Let’s make hummus

 Posted by on November 20, 2015  Add comments
Nov 202015
 

I love making grub, as you’ll know if you happen to be a regular here, but I can’t see the point of putting up recipes of things you already know.

Hummus

Why would I do that?

Of course, admittedly, you might well know how to make hummus, but there’s a good chance many people won’t, so let’s give it a go.

It’s ridiculously easy.

All you need to do is buy a couple of cans of chickpeas, throw in some tahini, add a few cloves of garlic, maybe a fist of coriander, a squeeze of fresh lemon and a shot of olive oil.

Whizz it all together using a stick blender and before you know it, you have hummus.

You probably have so much hummus you’ll have to give it away to friends and neighbours but that’s all right too. That makes you even more Levantine than you were before. That makes you an absolute decent hospitable Arab.

My question is this: how can I make this hummus recipe better?

How can I add to this, or remove from it, so that my hummus begins to approach the wonderful quality of hummus in Lebanon?

I have this  wonderful book of recipes, but I feel I can do better.

Lebanese food

How can I make better hummus?

 

 

  20 Responses to “Let’s make hummus”

Comments (20)
  1.  

    from the photo is looks like it needs to be looser use more liquid not necessarilly oil and blend for longer the texture looks wrong.experiment try rosewater.or use the water the chickpeas come in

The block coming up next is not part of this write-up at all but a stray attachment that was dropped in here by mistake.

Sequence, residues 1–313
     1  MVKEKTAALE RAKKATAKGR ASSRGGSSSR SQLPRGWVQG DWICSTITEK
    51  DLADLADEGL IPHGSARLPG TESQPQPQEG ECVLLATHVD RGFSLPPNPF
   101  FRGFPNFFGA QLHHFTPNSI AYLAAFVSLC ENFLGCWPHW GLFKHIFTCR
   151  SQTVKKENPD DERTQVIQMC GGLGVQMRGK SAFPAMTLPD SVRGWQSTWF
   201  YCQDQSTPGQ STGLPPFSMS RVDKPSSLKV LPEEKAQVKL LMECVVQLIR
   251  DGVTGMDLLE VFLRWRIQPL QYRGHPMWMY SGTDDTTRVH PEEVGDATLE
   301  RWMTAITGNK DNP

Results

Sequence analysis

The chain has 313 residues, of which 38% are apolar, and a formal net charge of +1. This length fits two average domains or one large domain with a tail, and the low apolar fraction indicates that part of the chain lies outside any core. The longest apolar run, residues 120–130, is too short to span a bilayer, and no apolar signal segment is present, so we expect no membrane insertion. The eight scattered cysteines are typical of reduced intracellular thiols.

2.  

    Like John Murphy I have never seen hummus that looked like that before,but then I am no expert.I have eaten it in Turkey and north and south Cyprus,and I just happen to know someone who produces it commercially for small supermarkets in the UK and Ireland including Dunnes under their own brand name.I think your hummus would probably taste better being homemade.

  3.  

    Ah, one of my favourite nibbles!

    I use recipes as an inspiration to create anything to my own taste, as do people in different middle eastern countries. For hummus there is no such thing as one recipe.

    Your basic recipe can be enhanced by adding more liquid as mentioned above (slowly, by adding drop by drop until it suits your required texture, preferably with olive oil) and a dash of ground cummin, chili, pepper and maybe mild curry powder (all optional).
    But never mind if it doesn’t look like that ready made stuff from Tesco, or any other shop.

    Since I don’t like fresh coriander I use fresh parsley, finely chopped, but I add a bit of ground coriander. Or I leave out any fresh herbs.

    And as a finish I top it up with caramelised onions – which gives an altogether more rounded taste.

    I like your hint on the gems and culture of those troubled countries. Or maybe it’s just me to see it.

  4.  

    I always use one or two grilled/roasted and skinned red peppers, a pinch or two of kashmiri/cayenne chilli powder. Depending on the amount I’m making.

  5.  

    Like Carry said there is no one recipe for hummus and some will like / dislike the same one. I used to breakfast on hummus in Saudi, try it with pomegranate seeds.

  6.  

    I’m getting into a bit of Asian cooking lately, so maybe lime leaves (smashed up a bit and finely chopped – they’re a bit coarse) might be nice, with Thai basil and topped off with sesame seeds.

    I was on a bit of a mission earlier to make a proper green Thai curry and these Asian chicken lettuce wraps. – http://rasamalaysia.com/thai-green-curry-recipe/2/

    They didn’t have the cilantro in the Asian market I went to so I asked your wan in Dunnes did they have Cilantro by any chance. What’s dat she says to me.
    We’re fecking brutal here for anything different. Chinese muck take away is about as adventurous as some people get or taco fries from abrakebra if they’re really feeling a bit wild altogether.

  7.